The Science for Peace Schools is a new pilot annual training scheme for parliamentary staff designed to bridge the worlds of science and politics. Launched by the IPU and the European Council for Nuclear Research (CERN), the first edition or School will take place from 5-10 December.
The objective of the School is to create a community of parliamentary experts to address challenges together under the neutral umbrella of science.
Around 35 participants from IPU Member Parliaments have been nominated for the first School, with representatives from the Middle East and the Sahel including Burkina Faso, Egypt, Israel, Mali, Niger, Palestine and the United Arab Emirates.
This year’s theme Dealing with water scarcity: an opportunity to rebuild peace with Science is timely as climate change exacerbates water scarcity, posing a threat to livelihoods, ecosystems and peace around the world.
Water availability has become a point of tension between countries and communities that share the same water sources. In armed conflicts water resources and installations often come under attack. According to United Nations Water, in 2021, 2.3 billion people were living in water-stressed countries around the world. In response to this increasingly pressing water crisis, the United Nations General Assembly recognized the human right to water in 2010, and to sanitation in 2015.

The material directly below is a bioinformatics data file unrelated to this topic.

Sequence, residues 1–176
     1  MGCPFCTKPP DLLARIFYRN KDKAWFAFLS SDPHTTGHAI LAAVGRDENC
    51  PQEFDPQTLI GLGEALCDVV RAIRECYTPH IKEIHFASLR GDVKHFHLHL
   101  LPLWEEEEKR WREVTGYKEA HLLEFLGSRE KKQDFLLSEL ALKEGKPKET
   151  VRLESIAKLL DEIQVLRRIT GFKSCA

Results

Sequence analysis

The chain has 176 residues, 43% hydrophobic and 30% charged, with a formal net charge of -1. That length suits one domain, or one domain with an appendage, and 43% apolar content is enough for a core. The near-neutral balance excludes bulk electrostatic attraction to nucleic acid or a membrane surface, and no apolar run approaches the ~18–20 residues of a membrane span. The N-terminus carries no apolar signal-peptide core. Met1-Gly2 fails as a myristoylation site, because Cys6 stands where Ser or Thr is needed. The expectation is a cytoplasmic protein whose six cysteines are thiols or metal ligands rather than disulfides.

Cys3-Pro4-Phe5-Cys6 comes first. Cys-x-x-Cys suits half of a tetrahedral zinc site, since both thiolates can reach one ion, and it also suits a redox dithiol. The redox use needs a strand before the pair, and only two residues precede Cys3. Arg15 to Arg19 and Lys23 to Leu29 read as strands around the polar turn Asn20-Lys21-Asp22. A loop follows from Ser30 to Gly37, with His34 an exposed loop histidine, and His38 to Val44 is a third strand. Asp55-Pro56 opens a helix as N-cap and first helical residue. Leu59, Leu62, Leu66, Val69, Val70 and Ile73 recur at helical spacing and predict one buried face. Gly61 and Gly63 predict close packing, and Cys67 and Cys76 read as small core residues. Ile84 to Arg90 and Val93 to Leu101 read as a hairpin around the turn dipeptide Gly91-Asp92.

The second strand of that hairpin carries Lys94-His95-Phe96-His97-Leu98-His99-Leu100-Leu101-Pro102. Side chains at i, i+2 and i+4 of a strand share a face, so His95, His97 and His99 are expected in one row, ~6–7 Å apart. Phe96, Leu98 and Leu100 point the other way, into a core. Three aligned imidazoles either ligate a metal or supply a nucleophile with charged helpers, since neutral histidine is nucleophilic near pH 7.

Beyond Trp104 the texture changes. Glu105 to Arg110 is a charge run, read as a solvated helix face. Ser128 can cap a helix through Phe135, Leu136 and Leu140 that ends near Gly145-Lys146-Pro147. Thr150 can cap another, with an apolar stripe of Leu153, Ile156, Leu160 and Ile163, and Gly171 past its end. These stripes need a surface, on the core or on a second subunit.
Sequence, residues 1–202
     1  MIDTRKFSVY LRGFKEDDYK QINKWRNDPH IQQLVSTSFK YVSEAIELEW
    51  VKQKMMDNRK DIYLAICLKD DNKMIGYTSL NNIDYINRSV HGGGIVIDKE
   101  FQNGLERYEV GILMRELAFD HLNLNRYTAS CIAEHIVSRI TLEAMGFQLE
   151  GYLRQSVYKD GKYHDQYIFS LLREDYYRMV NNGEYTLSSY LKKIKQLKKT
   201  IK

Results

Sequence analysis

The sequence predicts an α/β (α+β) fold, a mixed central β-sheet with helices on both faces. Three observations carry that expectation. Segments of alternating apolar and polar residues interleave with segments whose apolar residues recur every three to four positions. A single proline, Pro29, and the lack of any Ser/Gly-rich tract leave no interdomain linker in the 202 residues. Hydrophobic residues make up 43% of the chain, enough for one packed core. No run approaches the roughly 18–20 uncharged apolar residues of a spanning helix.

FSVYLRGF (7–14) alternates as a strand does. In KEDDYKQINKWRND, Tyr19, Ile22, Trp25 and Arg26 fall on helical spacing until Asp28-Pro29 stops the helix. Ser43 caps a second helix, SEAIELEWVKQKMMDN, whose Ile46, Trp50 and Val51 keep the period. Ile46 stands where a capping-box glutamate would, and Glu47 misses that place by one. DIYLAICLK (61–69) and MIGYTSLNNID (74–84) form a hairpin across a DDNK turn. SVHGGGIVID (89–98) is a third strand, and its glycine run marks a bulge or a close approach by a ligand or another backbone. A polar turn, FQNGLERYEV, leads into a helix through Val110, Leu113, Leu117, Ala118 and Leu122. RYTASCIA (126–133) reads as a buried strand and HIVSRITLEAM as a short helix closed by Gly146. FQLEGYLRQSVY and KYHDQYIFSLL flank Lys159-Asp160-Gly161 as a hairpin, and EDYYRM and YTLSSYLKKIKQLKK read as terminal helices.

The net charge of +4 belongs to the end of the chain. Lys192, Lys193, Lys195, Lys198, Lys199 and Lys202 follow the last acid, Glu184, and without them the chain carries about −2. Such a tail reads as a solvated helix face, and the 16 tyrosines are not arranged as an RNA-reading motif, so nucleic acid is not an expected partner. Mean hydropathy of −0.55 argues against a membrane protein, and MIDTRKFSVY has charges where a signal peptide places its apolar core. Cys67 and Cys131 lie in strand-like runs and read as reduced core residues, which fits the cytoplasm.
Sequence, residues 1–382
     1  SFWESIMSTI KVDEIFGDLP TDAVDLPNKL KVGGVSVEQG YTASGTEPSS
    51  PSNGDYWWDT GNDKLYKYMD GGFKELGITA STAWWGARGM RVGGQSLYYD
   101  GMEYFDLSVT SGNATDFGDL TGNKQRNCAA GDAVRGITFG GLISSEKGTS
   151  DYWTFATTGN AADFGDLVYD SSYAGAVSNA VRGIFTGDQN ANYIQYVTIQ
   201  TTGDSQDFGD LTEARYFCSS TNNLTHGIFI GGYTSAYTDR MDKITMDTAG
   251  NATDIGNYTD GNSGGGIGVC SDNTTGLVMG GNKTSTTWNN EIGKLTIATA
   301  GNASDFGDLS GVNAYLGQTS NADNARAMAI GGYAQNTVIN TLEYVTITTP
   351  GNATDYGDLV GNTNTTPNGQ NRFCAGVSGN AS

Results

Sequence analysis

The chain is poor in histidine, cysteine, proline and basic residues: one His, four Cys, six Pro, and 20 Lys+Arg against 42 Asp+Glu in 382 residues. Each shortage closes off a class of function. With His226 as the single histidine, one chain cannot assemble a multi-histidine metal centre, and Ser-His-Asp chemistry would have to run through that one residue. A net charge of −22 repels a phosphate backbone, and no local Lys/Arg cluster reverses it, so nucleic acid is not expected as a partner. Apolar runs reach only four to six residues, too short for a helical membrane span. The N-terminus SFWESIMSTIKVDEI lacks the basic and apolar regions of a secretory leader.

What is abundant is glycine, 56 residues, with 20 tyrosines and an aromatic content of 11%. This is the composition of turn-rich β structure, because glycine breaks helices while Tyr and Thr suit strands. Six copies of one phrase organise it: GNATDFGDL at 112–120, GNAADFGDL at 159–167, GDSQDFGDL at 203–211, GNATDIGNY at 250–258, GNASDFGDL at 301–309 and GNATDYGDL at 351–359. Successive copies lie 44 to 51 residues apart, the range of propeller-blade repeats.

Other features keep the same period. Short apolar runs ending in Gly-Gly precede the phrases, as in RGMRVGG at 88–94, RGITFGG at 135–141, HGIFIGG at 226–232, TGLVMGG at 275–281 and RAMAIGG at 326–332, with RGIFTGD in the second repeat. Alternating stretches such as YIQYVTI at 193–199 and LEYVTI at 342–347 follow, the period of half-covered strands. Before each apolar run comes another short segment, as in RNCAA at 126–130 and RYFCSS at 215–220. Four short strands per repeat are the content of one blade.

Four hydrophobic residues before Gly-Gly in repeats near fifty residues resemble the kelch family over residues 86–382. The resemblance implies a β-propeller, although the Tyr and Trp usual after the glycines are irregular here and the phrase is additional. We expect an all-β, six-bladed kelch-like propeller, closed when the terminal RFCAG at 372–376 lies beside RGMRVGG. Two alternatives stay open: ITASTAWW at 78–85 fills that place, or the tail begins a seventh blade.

This year’s Science for peace curriculum will focus on water management and the exploration of new and renewable sources of water. The School will not intervene in the political aspect of existing water negotiations. Instead, it will aim to contribute to a positive technical cooperation environment for negotiations by proposing alternative technologies and modalities to lessen the tensions related to water scarcity, and encourage coexistence between nations.
Both IPU groups are designed to promote inter-parliamentary dialogue and diplomacy between parliamentarians from around the world with similar expertise but sometimes representing opposing sides.